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1.Analyze the cases in the Questions and Problems for:
Chapter 2 (4, 5, and 7) in Dynamic Business Law
Chapter 3 (7 and 9) in Dynamic Business Law
2.For each assigned case, analyze the issue based on the following criteria:
Identify the parties involved in the case dispute (who is the plaintiff and who is the defendant).
Identify the facts associated with the case and fact patterns.
Develop the appropriate legal issue(s) in question (i.e., the specific legal issue between the two parties).Provide a judgment on who should win the case – be clear.
Support your decision with an appropriate rule of law.
3.Be prepared to defend your decision and to objectively evaluate the other points of view.
4. Jarold Daniel Friedman worked as a temporary computer contractor for a pharmaceutical ware- house. The warehouse offered him a permanent position, but the warchouse required that he get a mumps vaccine, grown in chicken embryos, as a condition of his permanent employment. Friedman a vegan, believed that the vaccination would violate his religious beliefs and declined to be vaccinated. As a result, the warchouse withdrew its offer of employment. Friedman claimed that the warchouse discriminated against him on the basis of religion. Do you agree with Friedman? Do employers have a duty to respect the beliefs of their employees? If so, what happens when that duty conflicts with employers’ duty to provide a safe and healthy work environment? (Friedman Southern California Permanente Medical Group, 102 Cal. App. 4th 39 (2002).
5. Jennifer Erickson sued her employer, Bartell Drug Company, contending that its decision not to cover prescription contraceptives under its employee pre- scription drug plan constituted sex discrimination. Bartell argued that its decision was not sex discrim- ination because contraceptives were preventive, were voluntary, and did not treat an illness. With whom do you agree? Why? What values did you use to reach your conclusion? (Erickson Bartell Drug Co, 141 F Supp. 24 1266 (2001)
7. Ermest Price went to a doctor in 1997, seeking Oxycontin to treat pain related to sickle cell ane- mia. Between November 1999 and October 2000, Price sought Oxycontin prescriptions from at least ten different doctors at ten different clinics in two cities, filling the prescriptions at seven pharmacies in three cities, The doctors were notified of Price’s medication-secking behavior, and the doctors dis continued Price’s treatment. Price then filed suit. claiming his doctors, pharmacies, and the pharma- ceutical compunies that manufactured Oxycontin had breached their duty by failing to adequately warn Price of the addictive nature of Oxycontin. How do you think the court responded to Price’s claims? Think about all the stakeholders involved in such a case: how would those parties be affected by a ruling in favor of Price? In favor of the doc tors and pharmaceutical companies? (Ernest Price K. The Purdue Pharma Co, 920 So. 2d 479; 2006 Miss. LEXIS 67 (2006)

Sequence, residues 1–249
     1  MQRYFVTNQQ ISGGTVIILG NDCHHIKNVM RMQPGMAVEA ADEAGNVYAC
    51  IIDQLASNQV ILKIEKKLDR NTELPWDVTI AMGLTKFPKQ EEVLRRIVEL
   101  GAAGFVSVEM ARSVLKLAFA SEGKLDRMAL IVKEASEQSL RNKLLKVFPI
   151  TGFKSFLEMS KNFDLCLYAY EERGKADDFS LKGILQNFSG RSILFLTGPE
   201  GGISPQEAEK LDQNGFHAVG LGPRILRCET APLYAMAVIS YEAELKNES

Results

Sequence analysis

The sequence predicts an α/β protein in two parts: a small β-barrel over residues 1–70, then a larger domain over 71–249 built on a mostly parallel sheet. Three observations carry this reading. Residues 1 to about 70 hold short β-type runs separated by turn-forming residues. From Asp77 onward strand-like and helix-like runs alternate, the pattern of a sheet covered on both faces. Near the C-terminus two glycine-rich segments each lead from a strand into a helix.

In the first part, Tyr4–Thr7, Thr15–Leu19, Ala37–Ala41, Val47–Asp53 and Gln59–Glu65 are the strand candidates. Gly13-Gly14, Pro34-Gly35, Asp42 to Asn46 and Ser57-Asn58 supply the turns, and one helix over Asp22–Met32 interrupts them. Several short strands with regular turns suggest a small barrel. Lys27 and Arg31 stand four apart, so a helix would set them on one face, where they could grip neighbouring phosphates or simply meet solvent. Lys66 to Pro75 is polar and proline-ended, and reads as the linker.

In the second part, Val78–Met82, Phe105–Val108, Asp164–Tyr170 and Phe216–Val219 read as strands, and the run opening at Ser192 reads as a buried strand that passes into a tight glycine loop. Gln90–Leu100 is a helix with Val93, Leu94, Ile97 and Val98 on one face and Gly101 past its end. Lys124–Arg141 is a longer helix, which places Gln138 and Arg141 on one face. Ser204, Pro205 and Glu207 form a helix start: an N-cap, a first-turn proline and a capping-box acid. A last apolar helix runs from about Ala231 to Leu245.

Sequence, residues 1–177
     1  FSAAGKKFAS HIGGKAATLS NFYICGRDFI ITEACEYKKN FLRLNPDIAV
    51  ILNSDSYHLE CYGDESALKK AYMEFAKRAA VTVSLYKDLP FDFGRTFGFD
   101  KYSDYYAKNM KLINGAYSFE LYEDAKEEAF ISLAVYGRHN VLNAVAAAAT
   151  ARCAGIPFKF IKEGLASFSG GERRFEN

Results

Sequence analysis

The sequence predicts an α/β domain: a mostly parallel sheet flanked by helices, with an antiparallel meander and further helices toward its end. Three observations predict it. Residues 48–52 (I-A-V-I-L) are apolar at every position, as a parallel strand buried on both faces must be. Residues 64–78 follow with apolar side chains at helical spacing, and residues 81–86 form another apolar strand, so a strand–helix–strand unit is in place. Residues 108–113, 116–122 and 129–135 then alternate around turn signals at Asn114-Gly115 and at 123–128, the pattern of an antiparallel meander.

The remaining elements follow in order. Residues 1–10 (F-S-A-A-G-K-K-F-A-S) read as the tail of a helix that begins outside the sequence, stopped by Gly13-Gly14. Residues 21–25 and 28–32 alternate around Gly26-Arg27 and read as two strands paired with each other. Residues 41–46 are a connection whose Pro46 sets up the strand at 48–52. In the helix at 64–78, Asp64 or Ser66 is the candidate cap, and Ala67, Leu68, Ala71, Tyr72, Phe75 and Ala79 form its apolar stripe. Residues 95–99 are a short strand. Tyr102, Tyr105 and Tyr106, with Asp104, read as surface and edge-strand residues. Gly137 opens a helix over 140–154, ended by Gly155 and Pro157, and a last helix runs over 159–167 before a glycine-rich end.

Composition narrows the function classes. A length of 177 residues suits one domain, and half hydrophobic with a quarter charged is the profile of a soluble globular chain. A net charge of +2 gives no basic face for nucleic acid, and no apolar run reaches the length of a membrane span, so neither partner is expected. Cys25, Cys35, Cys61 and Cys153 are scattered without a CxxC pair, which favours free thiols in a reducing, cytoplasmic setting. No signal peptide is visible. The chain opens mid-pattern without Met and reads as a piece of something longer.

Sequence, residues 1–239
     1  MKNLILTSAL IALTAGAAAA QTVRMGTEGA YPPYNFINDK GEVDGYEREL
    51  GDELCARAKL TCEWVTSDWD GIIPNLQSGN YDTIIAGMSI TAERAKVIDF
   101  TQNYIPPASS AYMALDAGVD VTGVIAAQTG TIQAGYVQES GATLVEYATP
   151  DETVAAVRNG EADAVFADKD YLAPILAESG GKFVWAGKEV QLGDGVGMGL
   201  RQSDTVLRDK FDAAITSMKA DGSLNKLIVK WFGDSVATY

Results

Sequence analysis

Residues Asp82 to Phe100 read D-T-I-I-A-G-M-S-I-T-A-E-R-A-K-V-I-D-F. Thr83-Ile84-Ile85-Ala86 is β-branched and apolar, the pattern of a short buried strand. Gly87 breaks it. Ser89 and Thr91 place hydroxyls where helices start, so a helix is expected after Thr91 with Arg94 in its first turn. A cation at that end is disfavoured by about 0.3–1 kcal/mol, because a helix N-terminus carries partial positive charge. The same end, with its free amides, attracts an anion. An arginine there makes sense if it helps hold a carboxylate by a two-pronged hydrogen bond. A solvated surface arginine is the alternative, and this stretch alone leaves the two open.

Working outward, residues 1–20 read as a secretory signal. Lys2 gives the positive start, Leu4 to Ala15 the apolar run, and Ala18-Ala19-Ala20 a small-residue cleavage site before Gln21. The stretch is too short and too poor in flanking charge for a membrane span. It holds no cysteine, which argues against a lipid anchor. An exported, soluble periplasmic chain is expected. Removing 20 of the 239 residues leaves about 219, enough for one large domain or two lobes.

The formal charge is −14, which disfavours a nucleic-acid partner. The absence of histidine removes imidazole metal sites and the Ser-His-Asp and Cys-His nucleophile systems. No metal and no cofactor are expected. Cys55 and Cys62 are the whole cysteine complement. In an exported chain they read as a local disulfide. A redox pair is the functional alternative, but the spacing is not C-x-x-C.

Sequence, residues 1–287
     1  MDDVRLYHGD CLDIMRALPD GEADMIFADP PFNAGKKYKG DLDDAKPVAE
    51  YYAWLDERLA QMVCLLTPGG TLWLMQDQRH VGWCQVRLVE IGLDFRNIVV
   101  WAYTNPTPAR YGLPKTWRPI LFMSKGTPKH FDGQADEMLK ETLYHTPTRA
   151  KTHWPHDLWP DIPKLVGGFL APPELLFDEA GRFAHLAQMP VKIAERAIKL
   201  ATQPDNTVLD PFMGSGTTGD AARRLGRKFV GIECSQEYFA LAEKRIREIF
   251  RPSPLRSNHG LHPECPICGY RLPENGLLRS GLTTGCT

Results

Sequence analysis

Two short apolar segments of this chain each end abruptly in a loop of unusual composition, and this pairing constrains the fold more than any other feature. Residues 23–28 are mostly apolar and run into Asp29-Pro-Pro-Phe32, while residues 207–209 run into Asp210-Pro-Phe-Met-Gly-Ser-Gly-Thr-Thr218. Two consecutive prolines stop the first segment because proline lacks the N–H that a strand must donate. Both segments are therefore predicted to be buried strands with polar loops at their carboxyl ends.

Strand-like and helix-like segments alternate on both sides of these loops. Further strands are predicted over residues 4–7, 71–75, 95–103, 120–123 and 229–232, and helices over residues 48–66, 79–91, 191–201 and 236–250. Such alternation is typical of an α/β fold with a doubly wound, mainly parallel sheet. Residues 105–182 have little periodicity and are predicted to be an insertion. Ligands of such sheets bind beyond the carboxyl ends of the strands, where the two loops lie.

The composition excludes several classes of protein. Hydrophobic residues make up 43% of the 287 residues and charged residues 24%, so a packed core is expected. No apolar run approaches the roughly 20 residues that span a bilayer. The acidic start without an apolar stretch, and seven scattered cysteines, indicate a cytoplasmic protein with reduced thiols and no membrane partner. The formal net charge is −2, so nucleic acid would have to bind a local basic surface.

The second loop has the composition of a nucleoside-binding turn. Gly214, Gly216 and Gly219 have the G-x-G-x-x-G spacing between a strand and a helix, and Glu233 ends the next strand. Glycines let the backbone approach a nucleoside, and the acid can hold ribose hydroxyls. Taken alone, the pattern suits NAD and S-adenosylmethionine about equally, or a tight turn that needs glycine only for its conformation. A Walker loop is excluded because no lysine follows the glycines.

7. The plaintiff, a Texas resident, and the defendants, Colorado residents, were cat breeders who met at a cat show in Colorado. Subsequently, the plain- tiff sent two cats to the defendants in Colorado for breeding and sent a third cat to them to be sold. A dispute over the return of the two breed- ing cats arose, and the plaintiff filed suit against the defendants in Texas. The defendants alleged that the Texas court lacked personal jurisdiction over them because they did not have minimum contacts within the state of Texas. The Texas statute provides that the Texas court could exercise jurisdiction over an out-of-state defen- dant only if (1) the defendant has purposefully estab- lished minimum contacts with the forum state and (2) the exercise of jurisdiction comports with tradi- tional notions of fair play and substantial justice. The defendants were not residents of Texas and had no business in Texas. The only contact the defendants had with Texas was a single trip they made to Texas to pick up two other cats, not related to the litigation, that they were going to take to a cat show. During that same visit, the defendants took a cat unrelated to the lawsuit to see a Texas veterinarian, and the plain- tiff’s husband assisted the defendants with a Web page for their business. The trial court found that sufficient minimum contacts had been established. The defendants appealed. How do you believe the appellate court would rule in this case, and why? IHagan v. Field, Court of Appeals of Texas, Fifth District, Dallas, 2006 Tex. App. LEXIS 393.
9. Thirteen record labels filed a copyright violation suit against Hummer Winblad Venture Partners (Hummer), an owner of Napster, a peer-to-peer file- sharing network for online distribution of music. Hummer filed a counterclaim alleging antitrust violations against the record labels because they conspired to exclude independent music distribu- tors like Napster from the online music distribu- tion market. The record labels argued that Hummer lacked standing to make its counterclaims because Hummer, not Napster, made the counterclaims and Hummer never competed directly with the record labels. Hummer, on the other hand, argued that it had standing because it financed Napster, a partici- pant in the online music distribution market. How do you think the court ruled in this case? Why? In re Napster Copyright Linig, v. Hummer Winhlad Venture Partners, 354 F. Supp. 2d 1113 (2005).